Minnesota’s new cannabis law includes terms that make no sense. It says “immature cannabis plants” repeatedly, but defines “cannabis plant” as “genus Cannabis … growing … & has a Delta-9-THC concentration of more than 0.3%.” Problem? Immature plants have less than 0.3% THC. Therefore, an immature cannabis plant cannot be an illegal “cannabis plant,” under this law.

“‘Cannabis plant’ means all parts of the plant of the genus Cannabis that is growing or has not been harvested and has a delta-9 tetrahydrocannabinol concentration of more than 0.3 percent on a dry weight basis.”

Minn. Stat. §342.01, subd. 19

So, under the statutory definition of “cannabis plant,” the statutes’ repeated references to “immature cannabis plant” refer to something that does not exist.

“Sale for No Remuneration” is leg-speak for “Gift”

Minnesota marijuana laws: Minnesota Statutes contain the language “sale of cannabis for no remuneration.” See, Minnesota Statutes Section 152.0264 (2023), making this legal between adults. Most people find that language confusing.

Translated into plain English; it means to give away or make a gift of a marijuana.” But it’s a confusing phrase. Because it implies that a gift is somehow a sale – though of course a gift is by definition not a sale. A sale is a trade of something for something else of value, usually money.

Minnesota Statutes Section 342.09 PERSONAL ADULT USE OF CANNABIS (2023),
Subdivision 1. Personal adult use, possession, and transportation of cannabis flower and cannabinoid products.

(a) An individual 21 years of age or older may: …
(6) give for no remuneration to an individual who is at least 21 years of age:
(i) two ounces or less of adult-use cannabis flower;
(ii) eight grams or less of adult-use cannabis concentrate; or
(iii) an edible cannabis product or lower-potency hemp edible infused with 800 milligrams
or less of tetrahydrocannabinol; and

(b) Except as provided in paragraph (c), an individual may not: …
(7) give for no remuneration cannabis flower, cannabis products, lower-potency hemp
edibles, or hemp-derived consumer products to an individual under 21 years of age;
(8) give for no remuneration cannabis flower or cannabis products as a sample or
promotional gift if the giver is in the business of selling goods or services;

Minn. Stat. § 342.09, Subd. 1
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Check out our: in-depth articles on Minnesota marijuana laws.

Sentencing Entrapment: Marijuana Sale Crimes

Sentencing entrapment is not a complete legal defense but it is a partial defense in a common situation. In most sales cases, police use informants.

Informants are often under heavy pressure by police to provide actionable information. These threats sometimes motivate the informant to pass the pressure along to a seller. Police want a bigger bust out of the informant. So the informant pressures the seller for a much larger quantity than they ever have sold before.

No predisposition: The seller may have only sold single ounces of marijuana; but the police informant manipulates the seller to find six kilos to sell. The seller had no predisposition to sell kilos, only ounces; but the government (its agent, the informant) caused the more severe level crime. The law calls this sentencing entrapment.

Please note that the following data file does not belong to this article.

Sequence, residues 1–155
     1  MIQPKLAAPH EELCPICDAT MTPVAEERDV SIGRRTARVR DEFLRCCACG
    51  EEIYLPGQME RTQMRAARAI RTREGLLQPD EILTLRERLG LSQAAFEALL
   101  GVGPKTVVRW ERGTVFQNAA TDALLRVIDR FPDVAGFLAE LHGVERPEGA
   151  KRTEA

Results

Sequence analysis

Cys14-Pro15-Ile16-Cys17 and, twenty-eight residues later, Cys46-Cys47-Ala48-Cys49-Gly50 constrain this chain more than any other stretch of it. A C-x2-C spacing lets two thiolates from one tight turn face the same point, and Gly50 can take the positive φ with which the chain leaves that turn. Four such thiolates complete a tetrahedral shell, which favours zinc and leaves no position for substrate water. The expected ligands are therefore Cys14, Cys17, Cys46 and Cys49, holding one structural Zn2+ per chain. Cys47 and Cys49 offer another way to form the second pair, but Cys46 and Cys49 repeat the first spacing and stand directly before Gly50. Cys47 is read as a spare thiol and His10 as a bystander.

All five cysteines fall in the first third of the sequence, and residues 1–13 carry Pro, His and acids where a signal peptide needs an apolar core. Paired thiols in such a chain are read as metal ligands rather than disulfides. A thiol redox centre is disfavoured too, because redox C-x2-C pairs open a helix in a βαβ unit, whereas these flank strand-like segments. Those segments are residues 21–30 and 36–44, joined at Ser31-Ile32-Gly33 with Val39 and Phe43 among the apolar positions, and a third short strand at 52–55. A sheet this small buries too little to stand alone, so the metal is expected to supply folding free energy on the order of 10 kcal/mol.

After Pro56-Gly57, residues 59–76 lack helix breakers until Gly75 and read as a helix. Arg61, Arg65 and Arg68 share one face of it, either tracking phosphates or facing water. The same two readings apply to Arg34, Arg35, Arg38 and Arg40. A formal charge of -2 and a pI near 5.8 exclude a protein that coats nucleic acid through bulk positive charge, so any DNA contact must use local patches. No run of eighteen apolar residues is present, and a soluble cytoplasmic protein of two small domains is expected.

It can result in acquittal of a more serious charge based on a larger amount. But may also result in a lesser-included offense conviction.

Defenses: marijuana sale

Defense to a marijuana sale case will largely depend upon the nature of the evidence in the particular case. Some defenses relate to the illegal collection of evidence by police.

Sometimes illegal evidence is unreliable, other times it is the result of dangerous government abuse.

A judge will hear defense motions to suppress unreliable, illegal evidence at the Contested Omnibus Hearing.

Defenses at trial will vary depending upon the prosecution theory as well as the defense theory of the case. Identity of the alleged illegal cannabis can be an issue in some cases.

All the defenses available in criminal prosecutions generally should also be available in a marijuana sales case.

In addition, some marijuana sale cases could have defenses unique to special marijuana cases, such as the Minnesota Constitutional defense under the “Products of Home or Garden” clause, Art. 13, Sec. 7.

At trial, the government lawyer has the burden of bringing in evidence to support each and every element of the charges. A reasonable doubt about any one of them means a not-guilty verdict.

And, the defense can raise one or more affirmative defenses. One example could be an affirmative defense under the Minnesota Constitution’s Freedom of Religious Conscience clause, Art. 1, Sec. 16.

Jury power: We the People

In the end, however, the jury has the last word; or the last two words: “Not Guilty.”

All legal authorities agree, some with regret; that the jury has the power to acquit an accused person no matter what. And the jury can acquit even when they believe the person did do what is alleged.

Many call this jury nullification because the jury can veto or nullify laws it views as oppressive or unjust; with its verdict. This is an example of jury power. Another related term is jury lenity. And this is the foundation of democracy.

Question? Call Lawyer Thomas Gallagher, 612 333-1500

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Thomas Gallagher, Minnesota Marijuana Attorney

More information of interest

Growing Marijuana in Minnesota

Minnesota Marijuana Laws

Weight Thresholds Marijuana